2018 To Walk the Earth in Safety: Tajikistan

Report
Bureau of Political-Military Affairs

FUNDING FY15 FY16 FY17 FY95–17 TOTAL
DOS NADR - CWD 2,275 1,975 1,500 16,533
DoD 67 147 0 2,747
USAID 0 534 440 2,474
COUNTRY TOTAL 2,342 2,656 1,940 21,754

Dollars in thousands

TAJIKISTAN

Following the collapse of the Soviet Union, Tajikistan inherited an enormous stockpile of aging conventional ammunition, including large-caliber ordnance and other explosives. Due to its porous borders with Afghanistan, large quantities of poorly secured SA/LW and ammunition present a real threat to national and regional security. Tajikistan also has extensive landmine contamination along its southern, western, and northern borders that stems from Soviet attempts to prevent border crossings by Afghan militants and narcotics traffickers. During a five-year civil war (1992–1997), Tajikistan’s Central Rasht Valley region was heavily contaminated with landmines and UXO that continue to impede socioeconomic development of this fertile region. Explosive hazards limit access to valuable agricultural land and adversely impact farming, wood-gathering, grazing, and other rural activities.

From 2005 to 2017, the United States invested more than $21.7 million in Tajikistan to support mine and UXO clearance operations, destruction of excess and aging munitions, PSSM of SA/LW, survivor assistance, and national capacity building of the Tajikistan National Mine Action Center (TNMAC).

In 2017, the Department of State supported the following implementing partners:

  • FSD continued non-technical survey and clearance of UXO through the deployment of a weapons and ammunition disposal team. FSD also trained, equipped, and deployed two mobile humanitarian demining teams to conduct non-technical survey and clearance of mines and UXO along the Tajik-Afghan border.
  • NPA continued deployment of one multi-purpose male demining team and the only multi-purpose female demining team in Central Asia along the southern Tajik-Afghan border.
  • OSCE funded and supported the deployment of two national humanitarian demining units. It also continued Phase II of the Integrated Cooperation on Explosive Hazards program with an emphasis on sharing regional lessons learned, building a regional center of excellence for explosive hazards mitigation training, and establishing a regional response capability to mitigate and counter explosive hazards.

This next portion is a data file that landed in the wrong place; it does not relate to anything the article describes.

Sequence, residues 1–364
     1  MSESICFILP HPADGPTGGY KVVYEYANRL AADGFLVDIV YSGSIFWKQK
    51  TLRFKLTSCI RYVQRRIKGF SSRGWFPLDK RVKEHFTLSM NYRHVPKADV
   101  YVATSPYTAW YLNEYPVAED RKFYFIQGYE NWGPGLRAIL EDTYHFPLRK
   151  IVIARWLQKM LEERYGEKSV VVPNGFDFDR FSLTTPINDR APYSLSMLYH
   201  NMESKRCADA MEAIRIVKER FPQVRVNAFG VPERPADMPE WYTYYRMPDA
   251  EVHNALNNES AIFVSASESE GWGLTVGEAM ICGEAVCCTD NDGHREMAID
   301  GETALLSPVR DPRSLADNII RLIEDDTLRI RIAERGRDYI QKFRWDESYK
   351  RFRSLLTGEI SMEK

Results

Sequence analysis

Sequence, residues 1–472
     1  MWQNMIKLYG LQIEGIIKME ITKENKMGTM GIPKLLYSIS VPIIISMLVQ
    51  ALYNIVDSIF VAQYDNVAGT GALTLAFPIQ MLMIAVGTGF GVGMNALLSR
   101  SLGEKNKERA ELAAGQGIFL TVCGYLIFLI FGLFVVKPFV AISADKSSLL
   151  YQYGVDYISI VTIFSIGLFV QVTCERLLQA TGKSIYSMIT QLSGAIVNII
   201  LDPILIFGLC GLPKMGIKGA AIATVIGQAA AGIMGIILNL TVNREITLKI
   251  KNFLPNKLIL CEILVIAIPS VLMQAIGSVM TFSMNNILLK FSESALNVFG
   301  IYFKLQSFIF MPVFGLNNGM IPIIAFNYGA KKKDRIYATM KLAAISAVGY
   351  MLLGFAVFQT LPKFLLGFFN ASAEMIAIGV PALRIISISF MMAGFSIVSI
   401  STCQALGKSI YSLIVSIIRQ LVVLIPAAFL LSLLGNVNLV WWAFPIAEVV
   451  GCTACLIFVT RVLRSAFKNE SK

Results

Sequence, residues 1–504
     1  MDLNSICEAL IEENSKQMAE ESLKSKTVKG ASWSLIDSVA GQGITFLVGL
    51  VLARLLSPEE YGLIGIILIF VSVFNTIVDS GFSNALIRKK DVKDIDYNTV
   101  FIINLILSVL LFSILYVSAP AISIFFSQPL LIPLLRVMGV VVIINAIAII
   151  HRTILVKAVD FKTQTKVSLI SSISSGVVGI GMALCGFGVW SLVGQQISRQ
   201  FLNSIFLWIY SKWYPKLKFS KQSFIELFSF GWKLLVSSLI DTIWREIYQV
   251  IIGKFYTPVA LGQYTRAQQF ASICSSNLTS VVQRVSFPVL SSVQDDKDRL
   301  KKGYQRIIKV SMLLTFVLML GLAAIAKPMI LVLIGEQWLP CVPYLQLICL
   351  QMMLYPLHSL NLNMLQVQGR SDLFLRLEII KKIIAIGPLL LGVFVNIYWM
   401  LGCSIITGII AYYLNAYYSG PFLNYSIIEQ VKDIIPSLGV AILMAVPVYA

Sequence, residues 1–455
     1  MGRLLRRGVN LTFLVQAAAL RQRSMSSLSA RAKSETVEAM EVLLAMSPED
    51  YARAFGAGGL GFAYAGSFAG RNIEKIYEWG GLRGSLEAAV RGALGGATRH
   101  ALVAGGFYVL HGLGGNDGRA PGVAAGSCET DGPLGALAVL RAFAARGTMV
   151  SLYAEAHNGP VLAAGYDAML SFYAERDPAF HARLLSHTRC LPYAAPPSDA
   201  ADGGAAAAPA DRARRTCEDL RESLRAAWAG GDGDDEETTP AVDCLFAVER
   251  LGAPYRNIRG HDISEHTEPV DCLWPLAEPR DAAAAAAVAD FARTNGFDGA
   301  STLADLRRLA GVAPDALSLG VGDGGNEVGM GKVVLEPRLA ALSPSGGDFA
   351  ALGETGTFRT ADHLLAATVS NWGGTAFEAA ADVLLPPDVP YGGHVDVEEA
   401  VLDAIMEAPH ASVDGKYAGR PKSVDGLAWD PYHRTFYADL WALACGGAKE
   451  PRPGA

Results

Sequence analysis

• TNMAC continued to develop the capacity of its mine action program with emphasis on information analysis, strategic planning, demining training, project development, and program management.
  • UNDP supported national ownership and development of capacity and operational management skills within TNMAC with an emphasis on nationalizing the program.
  • Polus conducted a survivor assistance survey and supported design and fitting of orthopedic prostheses, counseling of survivors, and strategic planning and policy development.

With funding from the Department of Defense, USARCENT continued to partner with the Department of State, OSCE, and the Office of Military Cooperation through FY18 to achieve a fully functional and self-sustaining humanitarian mine action training center in Tajikistan. In 2017, USARCENT conducted three separate training events in Dushanbe with 44 participants from five different countries (Afghanistan, Kazakhstan, Kyrgyzstan, Mongolia, and Tajikistan). During these three training events, U.S. military EOD personnel and previous graduates from the 2016 classes, mentored and trained participants. Instructors taught EOD Level I, II, and III courses in accordance with the IMAS, and provided inert ordnance, inert demolition material, course program of instruction, and classroom automation to enhance the training environment. The OSCE, together with the Tajikistan Ministry of Defense, began building the new regional training center. Once operational, USARCENT will transition to an advise and assist role, and consider establishing a partnership between the U.S. Army EOD Directorate and the Tajikistan Explosive Hazards Training Center.

USAID’s Leahy War Victims Fund continued to support the World Health Organization to improve access to quality rehabilitation care and assistive devices.